Preclinical Study Uncovers Resistance Mechanisms to Lymphoma Therapy and Potential Way to Overcome Them

Preclinical Study Uncovers Resistance Mechanisms to Lymphoma Therapy and Potential Way to Overcome Them

Lymphoma cells can become resistant to therapy as they acquire novel genetic mutations, but a new study has found that they can also become resistant as they reprogram which genes are turned “on” or “off.”

This particular resistance mechanism was seen in B-cell lymphomas in response to treatment with venetoclax (sold as Venclexta and Venclyxto, by AbbVie and Genentech) a chemotherapy used to treat certain types of chronic lymphocytic leukemia, small lymphocytic lymphoma, and acute myeloid leukemia.

The researchers also found that by combining chemotherapy with another agent that blocks the activity of a critical protein for gene reprogramming, they could overcome this type of resistance mechanism, and promote cancer cell death.

These findings were described in the study, “BCL2 Amplicon Loss and Transcriptional Remodeling Drives ABT-199 Resistance in B Cell Lymphoma Models,” that was published in the journal Cancer Cell.

“Emerging evidence suggests that, on drug treatment, small subpopulations of cancer cells evade drug pressure by entering a largely quiescent drug-tolerant ‘persister’ state,” the researchers wrote.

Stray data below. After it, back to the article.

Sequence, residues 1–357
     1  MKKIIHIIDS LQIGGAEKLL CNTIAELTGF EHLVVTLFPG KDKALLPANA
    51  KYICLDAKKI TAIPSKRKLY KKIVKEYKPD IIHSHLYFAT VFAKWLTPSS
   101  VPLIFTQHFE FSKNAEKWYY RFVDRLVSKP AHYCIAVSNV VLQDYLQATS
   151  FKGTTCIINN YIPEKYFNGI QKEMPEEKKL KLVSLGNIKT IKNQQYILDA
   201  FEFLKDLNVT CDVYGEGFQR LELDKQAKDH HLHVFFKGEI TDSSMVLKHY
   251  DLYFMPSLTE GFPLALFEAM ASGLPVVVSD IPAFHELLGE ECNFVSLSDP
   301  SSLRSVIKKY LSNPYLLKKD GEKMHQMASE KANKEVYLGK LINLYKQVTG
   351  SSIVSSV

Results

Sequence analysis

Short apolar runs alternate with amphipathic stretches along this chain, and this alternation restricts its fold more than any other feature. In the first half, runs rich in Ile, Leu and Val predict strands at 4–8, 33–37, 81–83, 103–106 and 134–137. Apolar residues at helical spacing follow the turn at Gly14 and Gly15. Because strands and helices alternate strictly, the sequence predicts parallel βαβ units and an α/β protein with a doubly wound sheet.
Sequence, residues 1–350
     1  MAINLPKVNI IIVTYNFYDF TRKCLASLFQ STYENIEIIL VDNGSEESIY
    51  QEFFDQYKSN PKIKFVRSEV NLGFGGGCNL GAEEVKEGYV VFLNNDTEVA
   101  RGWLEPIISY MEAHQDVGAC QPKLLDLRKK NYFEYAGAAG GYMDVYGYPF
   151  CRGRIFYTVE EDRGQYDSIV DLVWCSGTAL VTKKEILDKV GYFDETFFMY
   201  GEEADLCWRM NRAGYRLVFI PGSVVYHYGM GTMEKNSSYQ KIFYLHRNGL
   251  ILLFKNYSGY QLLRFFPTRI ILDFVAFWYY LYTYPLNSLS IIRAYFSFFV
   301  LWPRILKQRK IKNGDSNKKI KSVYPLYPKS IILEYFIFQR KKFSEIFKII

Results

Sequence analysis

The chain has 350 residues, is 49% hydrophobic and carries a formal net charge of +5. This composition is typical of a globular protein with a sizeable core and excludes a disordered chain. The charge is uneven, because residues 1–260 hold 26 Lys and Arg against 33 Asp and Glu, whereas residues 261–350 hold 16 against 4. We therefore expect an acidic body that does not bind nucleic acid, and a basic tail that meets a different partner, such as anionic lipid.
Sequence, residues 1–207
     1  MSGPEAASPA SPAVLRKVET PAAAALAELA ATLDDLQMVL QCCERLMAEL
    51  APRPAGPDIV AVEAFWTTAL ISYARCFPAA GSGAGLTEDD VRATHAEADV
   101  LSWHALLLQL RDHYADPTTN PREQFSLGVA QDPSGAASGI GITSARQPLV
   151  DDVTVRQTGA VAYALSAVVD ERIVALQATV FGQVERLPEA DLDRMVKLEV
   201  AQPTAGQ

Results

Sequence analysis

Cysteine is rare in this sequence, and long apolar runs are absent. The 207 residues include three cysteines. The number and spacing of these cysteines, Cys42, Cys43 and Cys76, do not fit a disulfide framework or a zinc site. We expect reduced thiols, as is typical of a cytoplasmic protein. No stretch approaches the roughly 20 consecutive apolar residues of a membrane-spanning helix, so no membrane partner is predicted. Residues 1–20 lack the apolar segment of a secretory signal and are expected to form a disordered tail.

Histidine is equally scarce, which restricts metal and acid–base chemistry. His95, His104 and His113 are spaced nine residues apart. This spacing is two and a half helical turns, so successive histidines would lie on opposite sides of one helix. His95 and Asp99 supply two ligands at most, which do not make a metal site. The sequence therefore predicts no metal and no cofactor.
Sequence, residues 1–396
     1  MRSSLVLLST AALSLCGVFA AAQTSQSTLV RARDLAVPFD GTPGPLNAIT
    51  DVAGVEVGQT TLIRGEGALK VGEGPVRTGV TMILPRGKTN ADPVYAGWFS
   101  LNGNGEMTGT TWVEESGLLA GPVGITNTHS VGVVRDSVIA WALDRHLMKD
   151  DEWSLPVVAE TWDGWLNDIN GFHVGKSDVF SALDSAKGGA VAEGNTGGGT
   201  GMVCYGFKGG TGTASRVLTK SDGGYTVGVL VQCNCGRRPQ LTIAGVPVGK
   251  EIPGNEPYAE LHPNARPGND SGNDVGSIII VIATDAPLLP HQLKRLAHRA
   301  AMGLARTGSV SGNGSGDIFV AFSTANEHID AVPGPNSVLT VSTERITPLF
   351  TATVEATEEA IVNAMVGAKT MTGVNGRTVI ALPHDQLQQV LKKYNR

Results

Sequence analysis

Some of these cells may even grow tolerant to treatment and replicate in the presence of chemotherapy. The survival and growth of these few resistant cells is one of the reasons why some cancer patients who initially respond to a therapy end up seeing their disease return (relapse).

Finding new strategies that prevent the emergence and survival of these cell populations “would have a major impact in the clinic,” the researchers said.

The team, led by Jianguo Tao, MD, PhD, from the Moffitt Cancer Center, and Jun Qi, PhD, from the Dana-Farber Cancer Institutewere interested in looking at how B-cell lymphomas, such as mantle cell lymphoma (MCL) and double-hit lymphoma (DHL) could develop resistance to venetoclax.

Venetoclax belongs to the class of B-cell lymphoma-2 (BCL-2) inhibitors. BCL-2 is a protein that promotes cell survival and is highly unbalanced in numerous cancers, thereby promoting their survival. 

The researchers exposed MCL and DHL cells to venetoclax and selected those cells that were resistant to the treatment. Next, they compared these cells to the original ones that were sensitive to the therapy.

They found that resistance was driven by the occurrence of both new mutations and non-mutational genetic changes.

During venetoclax treatment, rare groups of cells lose part of a genetic sequence on chromosome 18 (18q21) that is commonly found in many patients with blood cancers. This sequence contains additional copies of the BCL-2 gene, which is the target of venetoclax, as well as other genes involved in cell death.

By losing these gene copies, cells were no longer as sensitive to venetoclax and could survive the therapy, eventually growing into resistant cells.